Friday, February 06, 2004Sadly, it appears that the Carlie Brucia abduction has reached tragic conclusion with the discovery of her body this morning behind a Sarasota, Florida church.
Everything about the case makes my skin crawl and screams "why did this have to happen?" - an 11-year old girl takes a shortcut behind a car wash, and is literally grabbed off the street by a hardened career criminal...and chillingly, a video camera captured the exact moment Carlie was snatched, but neither the widely-aired tape nor a massive police search could save her in time.
The way Carlie died qualifies as the nuclear blast of parental nightmares.
I can barely imagine the pain they must be in: the suddenness of the events that transpired, and the cold, unimaginable reality of their daughter's murder. Many parents who have lost a child in an abduction/murder wait relentlessly for weeks, months, even years not knowing if their child is dead or alive: Carlie Brucia's parents barely had time to absorb the abduction before they were faced with the news of her fate.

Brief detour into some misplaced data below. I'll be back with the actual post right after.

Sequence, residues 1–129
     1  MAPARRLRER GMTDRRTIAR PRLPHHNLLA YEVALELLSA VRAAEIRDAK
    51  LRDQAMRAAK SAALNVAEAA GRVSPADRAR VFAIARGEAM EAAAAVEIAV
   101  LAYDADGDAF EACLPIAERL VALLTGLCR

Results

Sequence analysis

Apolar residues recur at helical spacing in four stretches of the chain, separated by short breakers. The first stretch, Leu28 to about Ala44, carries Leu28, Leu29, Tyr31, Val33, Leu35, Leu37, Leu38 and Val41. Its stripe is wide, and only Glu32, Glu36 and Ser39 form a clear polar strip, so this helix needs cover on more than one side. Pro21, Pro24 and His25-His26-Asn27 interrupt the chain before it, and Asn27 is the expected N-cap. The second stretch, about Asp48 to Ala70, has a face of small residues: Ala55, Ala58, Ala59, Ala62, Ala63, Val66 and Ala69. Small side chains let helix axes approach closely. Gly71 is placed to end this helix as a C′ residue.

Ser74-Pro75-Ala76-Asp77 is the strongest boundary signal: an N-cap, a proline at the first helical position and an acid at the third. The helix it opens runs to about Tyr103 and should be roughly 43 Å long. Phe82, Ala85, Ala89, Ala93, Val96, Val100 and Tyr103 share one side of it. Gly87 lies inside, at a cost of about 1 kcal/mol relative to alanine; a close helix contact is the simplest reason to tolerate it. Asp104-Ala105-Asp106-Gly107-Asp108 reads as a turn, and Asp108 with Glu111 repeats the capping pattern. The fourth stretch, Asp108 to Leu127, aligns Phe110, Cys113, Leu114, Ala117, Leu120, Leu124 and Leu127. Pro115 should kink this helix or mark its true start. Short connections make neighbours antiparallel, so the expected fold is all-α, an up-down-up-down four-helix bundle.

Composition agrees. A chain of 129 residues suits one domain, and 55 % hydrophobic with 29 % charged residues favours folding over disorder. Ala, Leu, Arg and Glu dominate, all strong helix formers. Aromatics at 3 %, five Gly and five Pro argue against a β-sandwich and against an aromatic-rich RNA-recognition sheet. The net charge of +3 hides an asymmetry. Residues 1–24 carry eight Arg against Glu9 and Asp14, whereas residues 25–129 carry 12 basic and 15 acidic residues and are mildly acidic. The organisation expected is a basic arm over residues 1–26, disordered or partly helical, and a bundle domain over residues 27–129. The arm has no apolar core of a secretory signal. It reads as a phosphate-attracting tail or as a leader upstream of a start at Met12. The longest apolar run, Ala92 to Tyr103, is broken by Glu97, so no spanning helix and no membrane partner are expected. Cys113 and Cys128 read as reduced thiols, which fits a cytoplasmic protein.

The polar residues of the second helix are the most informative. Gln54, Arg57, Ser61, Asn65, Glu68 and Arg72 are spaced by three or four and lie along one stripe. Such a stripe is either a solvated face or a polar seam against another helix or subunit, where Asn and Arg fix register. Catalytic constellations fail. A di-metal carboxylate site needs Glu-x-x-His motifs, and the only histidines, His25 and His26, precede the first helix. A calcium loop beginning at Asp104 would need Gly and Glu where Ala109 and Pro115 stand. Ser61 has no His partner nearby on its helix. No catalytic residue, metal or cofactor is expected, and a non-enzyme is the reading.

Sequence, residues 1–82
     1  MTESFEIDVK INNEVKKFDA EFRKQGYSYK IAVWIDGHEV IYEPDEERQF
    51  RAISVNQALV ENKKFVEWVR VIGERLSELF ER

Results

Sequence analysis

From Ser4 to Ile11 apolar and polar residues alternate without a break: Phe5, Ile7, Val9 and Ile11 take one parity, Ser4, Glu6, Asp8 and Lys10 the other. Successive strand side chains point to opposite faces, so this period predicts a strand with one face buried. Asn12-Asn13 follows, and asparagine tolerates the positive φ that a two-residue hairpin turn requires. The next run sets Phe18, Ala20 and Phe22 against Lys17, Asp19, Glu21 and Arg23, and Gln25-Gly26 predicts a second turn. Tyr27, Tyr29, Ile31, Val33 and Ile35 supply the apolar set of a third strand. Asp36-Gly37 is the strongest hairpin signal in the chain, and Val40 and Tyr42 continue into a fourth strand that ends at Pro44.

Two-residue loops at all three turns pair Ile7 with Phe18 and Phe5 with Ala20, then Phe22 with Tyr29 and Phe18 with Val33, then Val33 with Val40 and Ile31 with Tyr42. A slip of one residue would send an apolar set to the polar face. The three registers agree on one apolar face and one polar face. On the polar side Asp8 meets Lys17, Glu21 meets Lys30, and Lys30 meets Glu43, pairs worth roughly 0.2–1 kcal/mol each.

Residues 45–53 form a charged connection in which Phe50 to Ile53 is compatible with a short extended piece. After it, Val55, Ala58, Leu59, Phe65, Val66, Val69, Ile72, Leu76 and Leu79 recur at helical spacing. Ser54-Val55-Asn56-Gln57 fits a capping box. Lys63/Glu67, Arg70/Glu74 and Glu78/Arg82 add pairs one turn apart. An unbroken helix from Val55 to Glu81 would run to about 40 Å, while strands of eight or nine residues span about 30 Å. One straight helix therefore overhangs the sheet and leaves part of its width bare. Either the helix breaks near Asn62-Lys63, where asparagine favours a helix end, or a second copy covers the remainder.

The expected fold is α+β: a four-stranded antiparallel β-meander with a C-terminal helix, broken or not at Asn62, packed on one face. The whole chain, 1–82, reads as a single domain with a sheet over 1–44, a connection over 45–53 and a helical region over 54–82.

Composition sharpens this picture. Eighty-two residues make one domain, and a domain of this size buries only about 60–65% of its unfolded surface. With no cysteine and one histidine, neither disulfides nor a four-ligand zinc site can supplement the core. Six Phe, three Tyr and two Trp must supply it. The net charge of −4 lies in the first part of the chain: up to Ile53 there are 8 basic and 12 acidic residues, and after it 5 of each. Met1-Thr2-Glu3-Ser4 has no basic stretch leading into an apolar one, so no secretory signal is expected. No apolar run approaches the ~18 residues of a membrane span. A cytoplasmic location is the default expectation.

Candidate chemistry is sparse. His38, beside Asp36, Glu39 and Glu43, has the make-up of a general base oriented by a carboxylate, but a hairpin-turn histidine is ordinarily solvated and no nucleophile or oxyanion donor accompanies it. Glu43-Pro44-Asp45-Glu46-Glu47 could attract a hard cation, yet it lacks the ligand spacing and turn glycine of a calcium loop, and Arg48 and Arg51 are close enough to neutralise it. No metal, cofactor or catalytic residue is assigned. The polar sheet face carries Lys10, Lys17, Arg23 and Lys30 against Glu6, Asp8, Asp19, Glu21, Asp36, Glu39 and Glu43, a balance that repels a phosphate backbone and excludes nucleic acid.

Only, her death wasn't 'fate.'
'Fate' is that boiling stew of chance, opportunity, motivation and a host of external natural (and perhaps supernatural) elements: but her abduction and murder are the purest, darkest, most concentrated form of criminal intent conceivable.
Though misadventure can bypass the sternest locks, many parents will watch this case unfold and hold their children closer and tighter, latching the barn and hiding the key...but the fact is, it isn't our children that need to be locked up.
Have you seen the film Se7en? The killer - John Doe - played by Kevin Spacey, bears a similarly monchromatic name to the suspect in the Brucia murder - Joseph Smith. Both names are almost pseudonymous in their blandness, but in both fiction and reality, what malice can hide inside the everyday.
One moment, one simple decision.